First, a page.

Magic pudding and honouring memories

My sister, Isabella Hennen, with Nan’s Christmas pudding.


LOVE it or hate it, the classic Christmas pudding is an iconic part of the festive season.

Fruit, nuts, brandy, flour, butter, spices and sugar come together to make a hulking monolith which dominates the Christmas dessert table.

My Nan would make a Christmas pudding every year and it was served on Christmas Eve after our customary walk to look at the local Christmas lights.

The process would start a good month or so ahead, with the fruit being soaked in a liberal helping of brandy.

When mixing the ingredients together, Nan would invite us to make a wish.

As we got older, we would give the pudding a stir and think of every person who was no longer with us.

Once the ingredients were mixed together, the mixture would be poured into a square of calico cloth and boiled in an old aluminium pot for six hours.

The cooked pudding was then hung from a cupboard door knob in the corner of the kitchen for several weeks before Christmas.

Come Christmas Eve, the pudding was boiled again for an hour, then Nan would perform the impressive feat of pouring burning brandy over the pudding.

The flames would burn blue due to the ethanol in the brandy, and Mum always worried that the house would catch fire.

Us kids were always mesmerised by the blue flames, which flared up over the pudding and only lasted for a few seconds.

Unfortunately, my Nan died in October 2020 and Christmas has not been quite the same without her.

I wanted to try to recapture some of the magic we experienced as kids when we spent Christmas with her and my Grandad at their home in Wollongong.

So, I set about making Nan’s famous pudding.

I ended up making two smaller puddings so that I only had to boil them for three hours.

My sister, who doesn’t drink alcohol, gave me a spare bottle of Black Bottle brandy that belonged to my Grandad.

He would drink anything, but particularly loved brandy and dry ginger ale.

As I put the puddings into the boiler, I realised I’d forgotten to add the almonds!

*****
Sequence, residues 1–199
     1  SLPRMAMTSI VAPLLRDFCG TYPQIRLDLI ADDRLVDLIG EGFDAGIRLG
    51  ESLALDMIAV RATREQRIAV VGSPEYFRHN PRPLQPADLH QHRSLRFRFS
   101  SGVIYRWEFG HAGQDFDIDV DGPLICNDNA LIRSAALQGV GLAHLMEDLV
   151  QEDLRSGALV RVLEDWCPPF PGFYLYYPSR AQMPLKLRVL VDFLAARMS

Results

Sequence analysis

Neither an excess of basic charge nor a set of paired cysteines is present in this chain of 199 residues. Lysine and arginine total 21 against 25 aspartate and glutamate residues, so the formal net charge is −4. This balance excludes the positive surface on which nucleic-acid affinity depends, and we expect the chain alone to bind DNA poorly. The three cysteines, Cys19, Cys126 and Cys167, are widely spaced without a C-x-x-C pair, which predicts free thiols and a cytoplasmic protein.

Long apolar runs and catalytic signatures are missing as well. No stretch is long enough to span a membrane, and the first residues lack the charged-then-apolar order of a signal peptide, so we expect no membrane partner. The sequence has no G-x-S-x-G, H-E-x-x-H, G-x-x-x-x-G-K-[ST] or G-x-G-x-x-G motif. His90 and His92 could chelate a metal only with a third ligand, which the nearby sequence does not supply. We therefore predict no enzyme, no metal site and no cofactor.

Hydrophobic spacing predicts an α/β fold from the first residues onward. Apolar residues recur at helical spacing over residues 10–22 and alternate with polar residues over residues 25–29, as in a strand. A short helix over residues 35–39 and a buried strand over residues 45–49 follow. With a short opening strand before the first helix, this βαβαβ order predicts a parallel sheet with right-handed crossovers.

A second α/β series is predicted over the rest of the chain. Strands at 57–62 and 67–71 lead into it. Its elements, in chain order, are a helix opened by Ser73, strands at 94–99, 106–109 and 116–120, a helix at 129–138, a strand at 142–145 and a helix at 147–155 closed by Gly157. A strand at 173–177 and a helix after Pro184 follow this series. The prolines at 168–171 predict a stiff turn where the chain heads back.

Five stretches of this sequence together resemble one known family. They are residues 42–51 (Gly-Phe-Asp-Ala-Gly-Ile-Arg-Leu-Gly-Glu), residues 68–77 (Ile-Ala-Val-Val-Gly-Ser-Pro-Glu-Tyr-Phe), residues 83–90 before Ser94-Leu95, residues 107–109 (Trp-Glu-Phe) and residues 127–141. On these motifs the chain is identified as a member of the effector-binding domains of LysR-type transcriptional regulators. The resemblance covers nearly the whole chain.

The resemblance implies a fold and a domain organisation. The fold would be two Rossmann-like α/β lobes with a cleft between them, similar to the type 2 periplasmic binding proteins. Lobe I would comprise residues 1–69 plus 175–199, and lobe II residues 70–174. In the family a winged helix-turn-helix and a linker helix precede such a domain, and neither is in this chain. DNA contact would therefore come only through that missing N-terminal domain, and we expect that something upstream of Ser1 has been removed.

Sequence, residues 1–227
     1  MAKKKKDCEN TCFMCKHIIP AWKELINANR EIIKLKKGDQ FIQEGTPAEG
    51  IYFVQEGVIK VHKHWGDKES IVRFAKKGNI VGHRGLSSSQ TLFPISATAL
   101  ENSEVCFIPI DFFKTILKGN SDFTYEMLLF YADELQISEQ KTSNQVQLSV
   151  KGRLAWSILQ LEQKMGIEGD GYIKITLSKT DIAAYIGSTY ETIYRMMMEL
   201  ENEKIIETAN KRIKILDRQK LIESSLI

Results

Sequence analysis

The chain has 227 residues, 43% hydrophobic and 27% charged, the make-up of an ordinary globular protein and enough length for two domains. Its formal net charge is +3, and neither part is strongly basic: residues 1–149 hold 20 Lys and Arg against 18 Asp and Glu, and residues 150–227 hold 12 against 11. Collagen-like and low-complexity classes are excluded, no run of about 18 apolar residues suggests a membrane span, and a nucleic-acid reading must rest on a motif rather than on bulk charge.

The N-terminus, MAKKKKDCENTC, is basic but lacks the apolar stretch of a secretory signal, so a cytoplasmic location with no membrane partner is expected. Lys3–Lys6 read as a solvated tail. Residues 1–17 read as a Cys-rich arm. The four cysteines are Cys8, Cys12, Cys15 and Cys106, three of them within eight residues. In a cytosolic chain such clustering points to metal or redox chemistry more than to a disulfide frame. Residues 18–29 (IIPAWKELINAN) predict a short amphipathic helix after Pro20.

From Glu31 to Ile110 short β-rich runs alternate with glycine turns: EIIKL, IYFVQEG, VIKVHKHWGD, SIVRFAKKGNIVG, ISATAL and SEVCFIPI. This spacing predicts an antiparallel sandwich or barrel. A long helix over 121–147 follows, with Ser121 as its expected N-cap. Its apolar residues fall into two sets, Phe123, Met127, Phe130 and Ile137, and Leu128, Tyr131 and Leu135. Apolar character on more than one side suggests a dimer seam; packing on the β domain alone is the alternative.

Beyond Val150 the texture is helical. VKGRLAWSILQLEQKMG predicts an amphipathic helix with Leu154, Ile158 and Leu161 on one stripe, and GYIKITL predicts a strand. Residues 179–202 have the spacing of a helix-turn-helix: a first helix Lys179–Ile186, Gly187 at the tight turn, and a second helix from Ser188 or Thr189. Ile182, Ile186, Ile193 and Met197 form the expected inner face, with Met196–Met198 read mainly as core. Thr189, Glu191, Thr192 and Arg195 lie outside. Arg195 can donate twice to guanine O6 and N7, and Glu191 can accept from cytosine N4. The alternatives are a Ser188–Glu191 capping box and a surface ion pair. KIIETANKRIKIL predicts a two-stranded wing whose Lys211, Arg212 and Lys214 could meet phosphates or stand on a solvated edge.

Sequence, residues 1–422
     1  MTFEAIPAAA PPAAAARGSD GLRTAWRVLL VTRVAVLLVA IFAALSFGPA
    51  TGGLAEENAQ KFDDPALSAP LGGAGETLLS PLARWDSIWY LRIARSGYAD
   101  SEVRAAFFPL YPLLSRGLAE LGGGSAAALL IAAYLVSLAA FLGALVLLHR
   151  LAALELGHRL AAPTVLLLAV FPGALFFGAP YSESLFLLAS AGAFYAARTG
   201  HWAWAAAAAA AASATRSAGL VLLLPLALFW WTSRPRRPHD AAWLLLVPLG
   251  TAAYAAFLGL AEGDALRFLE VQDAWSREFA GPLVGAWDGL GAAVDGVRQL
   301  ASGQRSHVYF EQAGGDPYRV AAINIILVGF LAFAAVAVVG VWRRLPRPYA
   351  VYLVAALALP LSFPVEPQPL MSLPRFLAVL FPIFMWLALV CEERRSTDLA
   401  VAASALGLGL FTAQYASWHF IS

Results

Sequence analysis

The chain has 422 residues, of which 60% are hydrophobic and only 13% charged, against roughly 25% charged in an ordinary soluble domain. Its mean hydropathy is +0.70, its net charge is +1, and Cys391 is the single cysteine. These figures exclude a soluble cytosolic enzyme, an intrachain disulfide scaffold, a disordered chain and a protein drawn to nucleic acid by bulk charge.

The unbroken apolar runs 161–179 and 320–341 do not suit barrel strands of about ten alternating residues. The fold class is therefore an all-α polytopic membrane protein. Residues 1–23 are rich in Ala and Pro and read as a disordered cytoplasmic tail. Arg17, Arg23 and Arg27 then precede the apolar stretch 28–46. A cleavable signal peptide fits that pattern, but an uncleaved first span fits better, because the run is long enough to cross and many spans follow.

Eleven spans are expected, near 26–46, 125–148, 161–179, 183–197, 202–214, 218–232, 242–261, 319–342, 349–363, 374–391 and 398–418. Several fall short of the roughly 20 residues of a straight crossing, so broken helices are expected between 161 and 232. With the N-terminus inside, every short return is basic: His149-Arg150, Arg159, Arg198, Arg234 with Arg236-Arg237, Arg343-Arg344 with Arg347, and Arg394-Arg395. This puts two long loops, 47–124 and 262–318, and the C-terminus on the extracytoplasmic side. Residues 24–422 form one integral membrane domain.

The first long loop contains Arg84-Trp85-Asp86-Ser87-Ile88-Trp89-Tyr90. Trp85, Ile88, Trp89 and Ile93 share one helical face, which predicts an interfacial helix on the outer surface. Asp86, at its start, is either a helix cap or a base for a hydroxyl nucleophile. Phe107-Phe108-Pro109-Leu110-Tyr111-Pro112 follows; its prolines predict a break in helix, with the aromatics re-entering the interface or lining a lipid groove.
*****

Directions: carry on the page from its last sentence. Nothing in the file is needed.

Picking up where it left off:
Oh well, they can go into the brandy butter.

Nan’s Christmas recipe comes from the Commonsense Cookery Book.

She would add 10-12 eggs, but I found this can make the pudding quite stodgy, which is not ideal after a big heavy meal in an Australian summer, so I stuck to eight.

For those who don’t like brandy, rum or fruit juice can be used instead.

Other dried fruits can be added to the mix, such as chopped dates or glace ginger.

Christmas Pudding

1kg mixed fruit

125g blanched almonds

500g butter

500g brown sugar

8 eggs

⅔ cup brandy

250g soft fresh breadcrumbs (you can grate a few slices of bread)

250g plain flour

Pinch of salt

1 tsp bicarbonate of soda

½ tsp nutmeg

2 tsp mixed spice

Fill up a large pot with water and put it on the stove to boil.

Cream the butter and sugar together, then add well beaten eggs and brandy.

Stir in all the fruit.

Add the breadcrumbs, sifted flour, salt, bicarb, nutmeg and mixed spice, and mix it thoroughly.

Tie up in a square of unbleached calico cloth, placing the tie about 10cm or so away from the pudding so that it can swell up.

The mixture can also be placed into a two litre pudding basin, allowing space for the pudding to swell.

Boil for six hours.

On the day of eating, boil for 3 hours (you can do this first thing in the morning Christmas day or after lunch Christmas Eve)

Two smaller puddings can be boiled for three hours on the first cook, then 90 minutes on the day of eating.

The secret to a successful pudding flame is to warm the brandy gently on the stove before using a kitchen lighter or long matches to light the vapour.

Have your phone ready for a video, as this spectacular effect only lasts a couple of seconds!

Hopefully I made Nan proud, and by sharing this recipe with you all, it has evoked my own memories of the fun family Christmases I had with my grandparents.



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